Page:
2. We need a separate Regulator for the Realty sector that should be consisting of chartered engineers, experienced insurers and experienced financiers to put in place realistic regulations with implementation rigour.
3. Best practice manual for a variety of products where in the procedures and processes have to be clearly spelt out and the Builders’ Associations have to take on the responsibility.
4. Transparency in transfer pricing mechanisms.
5. Payment and settlement systems to integrate with the sector.
6. Defined products and processes matter most.
7. Corporate governance has to improve. McKinsey’s Global Institute in its latest study on the subject indicates that directors spend more time on strategy than any other area. 12 percent only is spent on risk management. The Study mentions that companies and boards are becoming more complacent about risks as the 2008 debacle becomes distant memory. Boards should insist on appointment of Chief Risk Officer to tackle both information asymmetry and adverse selection with oversight by the Board’s own arm of Risk Management Committee consisting of a CA, a competent legal Professional as important members. The line relationships should be clearly defined. Audit Committee should be set up for an ongoing internal audit or concurrent audit and for responsible external audit at the end of the year.
Corporate social responsibility assumes importance to enhance green field investments in real estate maintenance.
8. User association responsibilities to upfront the valuation mechanisms.
9. Each Realtor shall have mechanisms to oversee good governance, risk and compliance with clear cut responsibility for the Chief Risk Officer who shall be put in place mandatorily and who should be responsible to the Board.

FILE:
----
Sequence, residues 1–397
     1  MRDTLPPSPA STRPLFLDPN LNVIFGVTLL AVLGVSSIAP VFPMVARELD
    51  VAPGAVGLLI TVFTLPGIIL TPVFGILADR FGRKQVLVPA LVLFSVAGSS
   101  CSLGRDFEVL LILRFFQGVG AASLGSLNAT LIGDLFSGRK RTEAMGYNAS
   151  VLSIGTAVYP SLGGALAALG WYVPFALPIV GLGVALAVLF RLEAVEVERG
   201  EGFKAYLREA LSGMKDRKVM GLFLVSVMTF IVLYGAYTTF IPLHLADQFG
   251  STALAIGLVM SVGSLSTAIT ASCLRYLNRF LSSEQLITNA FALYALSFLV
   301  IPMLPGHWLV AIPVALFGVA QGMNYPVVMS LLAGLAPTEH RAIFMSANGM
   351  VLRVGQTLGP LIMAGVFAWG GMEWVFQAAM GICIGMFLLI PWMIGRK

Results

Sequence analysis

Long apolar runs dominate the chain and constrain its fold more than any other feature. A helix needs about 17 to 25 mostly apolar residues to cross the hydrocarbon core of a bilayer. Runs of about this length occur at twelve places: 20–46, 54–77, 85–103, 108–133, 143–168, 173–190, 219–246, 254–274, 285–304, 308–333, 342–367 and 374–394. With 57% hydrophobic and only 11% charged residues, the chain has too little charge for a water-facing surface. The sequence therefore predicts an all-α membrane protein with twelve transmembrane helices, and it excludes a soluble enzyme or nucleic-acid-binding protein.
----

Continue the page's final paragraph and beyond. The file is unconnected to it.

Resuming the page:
10. Builders’ Associations should engineer specific studies to highlight how much of a percentage growth in the sector contributes to the growth in manufacturing and more particularly the SME sector as a building has over hundred MSMEs as vendors. The Corporate Social Responsibility of the sector can be moulded to enhance value to the vendor organizations in meeting the emerging standards in the components.

It is the systems and standard operating manuals, effective governance practices and the detailed risk management that hold the key for the healthy growth of the sector and the economy as well in its wake. The Institution of Valuers at its recent Mysore Conference (23-24 November, 2013) resolved to fight for their justifiable space in the realty sector on interactive platforms of the Government, Institutes of Cost Accountants, Institute of Chartered Accountants and Institute of Company Secretaries and Centre for Corporate Governance. They would like to disseminate knowledge on valuations and their varying dimensions. They are keen on setting up knowledge platforms driven by business ethics. One should only wish them good luck.
Published in Business Advisor, November 25, 2013.